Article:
Ohio’s Pandemic Recovery Slows As Achievement Gaps Fail To Close

Students gained less on 2023 tests than 2022, while challenged groups remain further behind their peers than pre-pandemic.

The pandemic greatly increased the test score gap between White students and different demographic groups in Ohio. After these “vulnerable” groups cut the gap significantly from spring 2021 to spring 2022, progress slowed to a crawl last school year and these students still remain further behind than before the pandemic. Note: The gaps shown are based on Performance Index, a composite of all test scores in all subjects, for each group compared by The 74 to the White index of the same year. (Source: Ohio Department of Education)

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After raising hopes last spring the pandemic-fueled academic gap was closing, progress for Ohio’s most vulnerable students has stalled, new test results show.

Black, Hispanic, poor and special needs students, all hit hard by the pandemic, made significant progress on spring 2022 state tests, placing them closer to their white, affluent peers — at least to pre-pandemic levels when there were already long standing achievement gaps.

But test results from spring 2023 show the state’s most vulnerable students have barely moved the needle on the exams and are now crawling in efforts to make up ground compared to their more advantaged peers. 

Black students in spring 2022 scored 35% lower on the math, reading and limited science and social studies tests than white students — a huge gain from being 42% behind their white students in 2021. 

But in spring, 2023, the upward trend for Black students slowed, shaving just one point to 34% lower than white students. 

Low income students also shaved just a single point off the gap in 2023 after cutting it by four points the year before.

Ohio State University Professor Vladimir Kogan, who analyzed student scores this summer, worried students might not ever catch up if progress stays this slow.

“They started the race a mile behind, so if they want to get to the finish line at the same time, not only do you have to keep pace, but they have to run faster,” Kogan said “They may be catching up as quickly as everybody else, but because they started off so far behind, that’s not going to be good enough to get to a level playing field.”

Ohio’s new state report cards showed several other trends in students’ recovery from the pandemic:

  • Giant 2022 score gains from the pandemic lows of 2021 seem to be a one-time boost. Though students across Ohio improved in 2023, they gained a quarter of what they did the year before. A state composite of all tests and grades showed just a 1.6 point gain in 2023 compared to a 6.8 point gain in 2022
  • Mirroring a national trend, Ohio students remain twice as far behind in math as they are in English.
  • Students in middle school and high school are running out of school years to make up lost ground, particularly in math.

Kogan estimated the older students are close to a half an academic year behind pre-pandemic levels. “Obviously, there’s not a lot of time left for those students,” he said.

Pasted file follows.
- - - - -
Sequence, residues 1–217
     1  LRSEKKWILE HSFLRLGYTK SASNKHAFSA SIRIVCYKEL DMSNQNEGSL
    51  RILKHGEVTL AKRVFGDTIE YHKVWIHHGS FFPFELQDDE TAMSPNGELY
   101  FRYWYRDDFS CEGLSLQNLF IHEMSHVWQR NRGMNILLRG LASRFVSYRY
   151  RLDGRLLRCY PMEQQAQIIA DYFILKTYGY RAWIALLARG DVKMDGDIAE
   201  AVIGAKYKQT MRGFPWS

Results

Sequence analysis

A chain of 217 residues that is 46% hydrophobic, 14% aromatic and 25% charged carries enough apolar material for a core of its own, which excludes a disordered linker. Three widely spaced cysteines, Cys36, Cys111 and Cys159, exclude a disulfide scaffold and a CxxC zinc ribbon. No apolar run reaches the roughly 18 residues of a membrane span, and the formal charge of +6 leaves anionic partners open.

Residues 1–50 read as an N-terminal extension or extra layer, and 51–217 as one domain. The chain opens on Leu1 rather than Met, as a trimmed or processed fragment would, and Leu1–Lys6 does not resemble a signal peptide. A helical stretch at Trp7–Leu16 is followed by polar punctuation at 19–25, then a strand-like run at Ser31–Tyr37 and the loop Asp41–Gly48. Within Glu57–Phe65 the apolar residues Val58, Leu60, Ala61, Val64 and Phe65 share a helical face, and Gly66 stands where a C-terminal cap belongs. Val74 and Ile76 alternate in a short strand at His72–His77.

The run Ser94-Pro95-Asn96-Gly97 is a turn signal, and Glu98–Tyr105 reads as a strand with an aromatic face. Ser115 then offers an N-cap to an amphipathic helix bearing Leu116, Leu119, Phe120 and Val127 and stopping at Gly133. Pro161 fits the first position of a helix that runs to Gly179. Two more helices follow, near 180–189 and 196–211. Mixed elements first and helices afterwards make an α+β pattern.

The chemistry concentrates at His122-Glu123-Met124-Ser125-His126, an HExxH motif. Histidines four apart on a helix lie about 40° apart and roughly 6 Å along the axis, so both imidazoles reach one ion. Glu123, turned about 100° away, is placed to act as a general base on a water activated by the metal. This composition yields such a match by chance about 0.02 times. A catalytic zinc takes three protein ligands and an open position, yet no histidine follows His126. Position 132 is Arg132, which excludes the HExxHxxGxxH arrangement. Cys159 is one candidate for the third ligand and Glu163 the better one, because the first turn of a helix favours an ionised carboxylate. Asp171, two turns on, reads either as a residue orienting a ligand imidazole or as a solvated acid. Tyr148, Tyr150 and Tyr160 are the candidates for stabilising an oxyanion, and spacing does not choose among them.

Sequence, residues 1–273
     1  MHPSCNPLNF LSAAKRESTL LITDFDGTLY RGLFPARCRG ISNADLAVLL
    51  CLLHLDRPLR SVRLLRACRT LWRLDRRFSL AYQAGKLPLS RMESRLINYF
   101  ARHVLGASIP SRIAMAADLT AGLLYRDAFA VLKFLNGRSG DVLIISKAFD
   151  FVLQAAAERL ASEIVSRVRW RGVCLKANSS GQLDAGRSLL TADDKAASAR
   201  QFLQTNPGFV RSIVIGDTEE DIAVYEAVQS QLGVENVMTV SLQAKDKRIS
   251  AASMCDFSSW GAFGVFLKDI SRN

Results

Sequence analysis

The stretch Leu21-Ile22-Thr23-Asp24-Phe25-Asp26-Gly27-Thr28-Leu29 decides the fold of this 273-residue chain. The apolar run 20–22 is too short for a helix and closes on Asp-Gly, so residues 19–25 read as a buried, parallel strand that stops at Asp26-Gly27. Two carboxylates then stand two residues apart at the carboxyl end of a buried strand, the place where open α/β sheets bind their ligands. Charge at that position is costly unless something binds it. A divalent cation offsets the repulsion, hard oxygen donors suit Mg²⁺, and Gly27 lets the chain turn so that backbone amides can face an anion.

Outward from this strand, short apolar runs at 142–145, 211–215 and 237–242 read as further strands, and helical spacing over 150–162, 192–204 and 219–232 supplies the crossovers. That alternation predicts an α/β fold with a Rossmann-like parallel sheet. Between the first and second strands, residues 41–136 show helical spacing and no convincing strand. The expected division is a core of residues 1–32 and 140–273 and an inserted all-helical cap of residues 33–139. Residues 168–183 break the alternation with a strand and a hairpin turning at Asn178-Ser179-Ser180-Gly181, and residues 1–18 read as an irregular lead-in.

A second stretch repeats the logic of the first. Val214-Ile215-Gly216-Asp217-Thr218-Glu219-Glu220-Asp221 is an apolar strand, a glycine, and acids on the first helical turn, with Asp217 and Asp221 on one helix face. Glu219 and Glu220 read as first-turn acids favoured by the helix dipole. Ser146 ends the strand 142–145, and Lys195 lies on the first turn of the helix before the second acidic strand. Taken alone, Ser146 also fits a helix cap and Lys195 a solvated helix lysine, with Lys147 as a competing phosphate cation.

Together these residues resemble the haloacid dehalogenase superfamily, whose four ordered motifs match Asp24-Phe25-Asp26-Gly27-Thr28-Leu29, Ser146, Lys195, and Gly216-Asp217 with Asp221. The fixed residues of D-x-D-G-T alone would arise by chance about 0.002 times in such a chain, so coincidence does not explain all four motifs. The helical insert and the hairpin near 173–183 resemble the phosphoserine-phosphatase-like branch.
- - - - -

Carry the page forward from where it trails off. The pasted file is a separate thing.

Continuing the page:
Interim state Superintendent Chris Woolard said the overall results are encouraging, though not without worries.

“We’re seeing improvement, that’s a good thing,” Woollard told the state board Monday. “But we have a lot of work to do particularly with our most vulnerable students.”

Ohio is one of the earliest states to release 2023 test data to add to the national debate over pandemic recovery. The 2022-23 school year also offered the closest thing to a typical school year post-pandemic.

Ohio’s overall results fit a developing national pattern. English and reading scores are still down statewide, though math declines are twice as large. The National Assessment of Educational Progress (NAEP) — known as the Nation’s Report Card — showed math scores dropping nine points, compared to four in Reading. Texas also showed larger math drops than in English this year.

In Ohio, the statewide reading proficiency rate of 60.9% remains down about 3.7 percentage points from 64.5% pre-pandemic. Kogan’s analysis showed students scoring closer to pre-pandemic levels than urban ones.

Ohio’s English Language Arts proficiency rate had strong recovery from the pandemic in 2022, but that progress slowed in 2023. (Ohio Department of Education)

The state has a clear plan to boost reading scores. Gov. Mike DeWine received strong backing from the state legislature this year mandating schools start using “science of reading” approaches in teaching young students.

Ohio’s math proficiency rate, however, is still down eight percentage points — twice as much as the reading decline — from 61% pre-pandemic to 53%. As with reading, the state made only slight progress in closing that gap this last school year compared to 2021-22.

Ohio’s math proficiency rate also recovered more slowly in 2023 than 2022 and the drop from before the pandemic remains twice that of English. (Ohio Department of Education)

Leaders of the Ohio Council of Teachers of Mathematics noted that math relies on students learning concepts well and then building on them later, which school closures and online classes hindered.

 “It is more difficult for students who didn’t have opportunities to build those concepts well because of the loss of instructional time,” said OCTM President Gabriel Matney.

Ohio’s math recovery plan is more limited than in English, relying on tutoring and the state paying for the math learning program Zearn to be available to all teachers.

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